4.2

6 May, 2007 by katelaity

The short squat man laughed with his head thrown back. “Always business with you, eh, Bellamy?”

“You would be the vewy same if you wewe in my position,” Bellamy glowered, his menace somewhat undercut by the screechy tone of his voice. “Wapscallions like you awe always a twial.”

“Well, here’s your merchandise,” the kidnapper shouted shoving Alice and Lizzie toward the imposing-looking figure of the captain. “And here’s your payment, you sea dog,” he said thrusting a leather purse into the captain’s hands. “Bon voyage,” he said lifting his cloth cap in mock polite regard to the two young women. Then he turned on his heel and strode away, whistling as if he hadn’t a care in the world.

I shall hate him forever, thought Alice, although it is doubtful that she should keep such an all-encompassing effort foremost in her mind. There had been many occasions on which Alice had planned similarly long-lasting and comprehensive vendettas, such as the time she declared she would never eat anything but lettuce, or the day on which she vowed to always coordinate her hair ribbons and gloves. However, it did seem entirely likely that Alice would indeed loathe if not in fact hate that short squat man for a very long time, as she been terribly inconvenienced by him, and things looked likely to deteriorate further before they improved.

“Come with me, giwls,” the captain wheezed, patting the purse full of money fondly, “You awe my wesponsibilty now!” As if to emphasize the point, he drew a revolver from his belt and waved it at the two of them, who meekly trotted up the gangplank to the ship’s deck.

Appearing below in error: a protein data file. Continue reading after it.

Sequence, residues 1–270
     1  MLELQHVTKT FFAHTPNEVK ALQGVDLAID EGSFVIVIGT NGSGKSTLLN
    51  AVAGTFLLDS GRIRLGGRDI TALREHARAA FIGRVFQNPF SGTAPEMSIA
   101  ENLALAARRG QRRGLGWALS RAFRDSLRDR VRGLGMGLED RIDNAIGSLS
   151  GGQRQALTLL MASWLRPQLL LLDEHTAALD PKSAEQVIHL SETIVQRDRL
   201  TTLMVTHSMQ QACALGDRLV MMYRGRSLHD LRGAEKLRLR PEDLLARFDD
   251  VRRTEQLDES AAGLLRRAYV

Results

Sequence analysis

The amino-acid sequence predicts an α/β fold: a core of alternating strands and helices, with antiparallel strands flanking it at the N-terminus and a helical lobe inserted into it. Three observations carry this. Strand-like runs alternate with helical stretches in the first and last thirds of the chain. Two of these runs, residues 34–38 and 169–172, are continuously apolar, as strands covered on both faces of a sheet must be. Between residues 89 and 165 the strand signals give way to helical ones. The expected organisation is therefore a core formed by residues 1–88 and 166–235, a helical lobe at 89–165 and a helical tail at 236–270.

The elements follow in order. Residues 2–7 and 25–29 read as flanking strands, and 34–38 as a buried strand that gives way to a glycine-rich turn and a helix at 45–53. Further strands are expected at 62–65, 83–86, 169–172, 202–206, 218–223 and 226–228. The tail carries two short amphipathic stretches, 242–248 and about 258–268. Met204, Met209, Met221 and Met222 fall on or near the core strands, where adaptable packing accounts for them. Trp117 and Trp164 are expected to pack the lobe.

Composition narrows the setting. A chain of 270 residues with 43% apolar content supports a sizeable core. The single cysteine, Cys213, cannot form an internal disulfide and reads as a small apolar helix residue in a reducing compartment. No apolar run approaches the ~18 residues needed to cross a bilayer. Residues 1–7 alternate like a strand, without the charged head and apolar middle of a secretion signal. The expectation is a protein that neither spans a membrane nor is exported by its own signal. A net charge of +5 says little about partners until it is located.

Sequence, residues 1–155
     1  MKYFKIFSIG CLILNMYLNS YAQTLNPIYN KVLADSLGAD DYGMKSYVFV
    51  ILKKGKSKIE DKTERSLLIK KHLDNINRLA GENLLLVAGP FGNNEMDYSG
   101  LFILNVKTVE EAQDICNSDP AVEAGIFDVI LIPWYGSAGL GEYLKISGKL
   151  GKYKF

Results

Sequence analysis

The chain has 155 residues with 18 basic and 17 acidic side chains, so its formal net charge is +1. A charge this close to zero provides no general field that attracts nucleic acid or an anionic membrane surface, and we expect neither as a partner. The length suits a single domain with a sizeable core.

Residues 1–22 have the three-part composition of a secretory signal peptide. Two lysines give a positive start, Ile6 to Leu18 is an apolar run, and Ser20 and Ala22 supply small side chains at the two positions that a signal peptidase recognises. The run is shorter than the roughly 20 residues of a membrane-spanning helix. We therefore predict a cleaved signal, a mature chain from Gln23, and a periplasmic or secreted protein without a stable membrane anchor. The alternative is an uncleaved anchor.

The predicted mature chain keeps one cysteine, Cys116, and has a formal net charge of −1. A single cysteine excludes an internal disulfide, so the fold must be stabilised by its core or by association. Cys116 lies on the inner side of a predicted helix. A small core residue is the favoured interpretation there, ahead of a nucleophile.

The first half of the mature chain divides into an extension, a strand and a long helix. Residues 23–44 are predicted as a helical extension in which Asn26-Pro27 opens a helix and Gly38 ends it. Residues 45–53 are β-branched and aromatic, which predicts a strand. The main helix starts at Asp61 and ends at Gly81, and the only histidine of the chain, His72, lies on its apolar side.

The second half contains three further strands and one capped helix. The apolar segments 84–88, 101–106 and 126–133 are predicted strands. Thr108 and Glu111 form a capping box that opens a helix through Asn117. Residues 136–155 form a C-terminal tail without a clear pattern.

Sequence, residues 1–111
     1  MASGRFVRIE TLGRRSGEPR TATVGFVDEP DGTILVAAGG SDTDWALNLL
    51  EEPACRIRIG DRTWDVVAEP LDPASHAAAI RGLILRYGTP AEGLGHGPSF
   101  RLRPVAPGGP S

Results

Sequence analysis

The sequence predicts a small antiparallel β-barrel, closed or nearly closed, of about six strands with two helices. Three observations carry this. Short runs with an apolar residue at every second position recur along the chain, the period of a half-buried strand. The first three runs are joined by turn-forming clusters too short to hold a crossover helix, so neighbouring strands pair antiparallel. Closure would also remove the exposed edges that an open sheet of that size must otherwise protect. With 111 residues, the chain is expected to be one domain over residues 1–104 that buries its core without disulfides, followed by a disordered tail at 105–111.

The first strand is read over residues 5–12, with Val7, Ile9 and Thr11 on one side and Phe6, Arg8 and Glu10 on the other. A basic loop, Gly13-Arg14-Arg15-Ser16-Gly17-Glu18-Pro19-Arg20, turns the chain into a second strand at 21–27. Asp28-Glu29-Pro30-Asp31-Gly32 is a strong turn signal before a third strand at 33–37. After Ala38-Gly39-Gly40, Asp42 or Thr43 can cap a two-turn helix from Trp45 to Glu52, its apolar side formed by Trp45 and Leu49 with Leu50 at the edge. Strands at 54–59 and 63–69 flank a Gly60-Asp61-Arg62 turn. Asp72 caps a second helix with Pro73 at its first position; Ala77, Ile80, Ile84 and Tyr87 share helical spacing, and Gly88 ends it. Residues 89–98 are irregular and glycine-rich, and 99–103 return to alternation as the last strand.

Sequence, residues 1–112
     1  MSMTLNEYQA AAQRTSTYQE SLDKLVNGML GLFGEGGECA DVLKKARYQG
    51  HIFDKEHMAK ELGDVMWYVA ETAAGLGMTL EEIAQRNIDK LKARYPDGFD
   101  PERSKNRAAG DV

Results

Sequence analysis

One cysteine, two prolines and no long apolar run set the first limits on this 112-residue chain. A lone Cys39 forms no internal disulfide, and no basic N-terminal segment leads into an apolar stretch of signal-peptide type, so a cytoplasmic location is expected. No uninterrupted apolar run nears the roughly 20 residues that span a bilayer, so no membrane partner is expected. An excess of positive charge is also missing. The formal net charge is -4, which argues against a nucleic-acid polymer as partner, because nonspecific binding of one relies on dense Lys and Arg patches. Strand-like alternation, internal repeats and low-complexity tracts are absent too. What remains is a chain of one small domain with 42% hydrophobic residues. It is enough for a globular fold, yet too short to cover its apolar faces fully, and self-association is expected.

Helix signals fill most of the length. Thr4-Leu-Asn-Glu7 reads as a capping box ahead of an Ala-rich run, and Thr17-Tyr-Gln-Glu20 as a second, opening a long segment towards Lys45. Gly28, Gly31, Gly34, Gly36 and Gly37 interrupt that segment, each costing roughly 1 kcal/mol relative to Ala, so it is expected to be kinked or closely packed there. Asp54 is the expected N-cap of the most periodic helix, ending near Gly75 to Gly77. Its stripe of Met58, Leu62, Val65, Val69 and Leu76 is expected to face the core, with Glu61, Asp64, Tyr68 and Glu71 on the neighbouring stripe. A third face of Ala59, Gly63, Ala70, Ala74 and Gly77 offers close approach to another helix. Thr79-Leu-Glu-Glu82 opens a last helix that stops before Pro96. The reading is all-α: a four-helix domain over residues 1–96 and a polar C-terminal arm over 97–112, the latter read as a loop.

“Welcome aboawd the Demetew!” the captain said with surprisingly sincere zeal. “We sail with the tide fow the land beyond the fowest.”

“Are we really going all the way to Transylvania?” Lizzie asked with admirable coolness. She had come to the conclusion there was little to lose now (although she still held out hope for the letter Emma Saint John had promised to post o her behalf), so she might as well be bold with the captain. Perhaps it was that he had rank, she feared less his anger—with the short squat man of indeterminate class, they had no way to anticipate his behavior. Surely a captain would uphold some of the general laws of behavior and show good form.

She was somewhat nonplussed to see the weather-creased face break into a smile as prelude to a cackling laugh. Very bad form, Lizzie thought and shared her disapproval with Alice by means of an archly lifted eyebrow. Alice was uncertain what Lizzie intended with this gesture as she had been mesmerized by the captain’s strange laugh.

“Twansylvania?! Oh no, my child, you will not be going to Twansylvania. We have othew plans fow you. At pwesent, howevew, you shall be going below decks to youw cabin whewe you will be spending much of youw time.” He cackled again and Lizzie felt her heart sink.

As they turned in the direction the stern captain indicated, a thought unbidden rose to Alice’s mind. “Oh,” she said, turning suddenly to Lizzie, “We have forgotten our book!”

Lizzie groaned inwardly — another long journey and nothing to read, but Alice could not help thinking that she was glad not to know what immeasurably valuable lessons Betty Ford would be learning from Mrs. Teachum.

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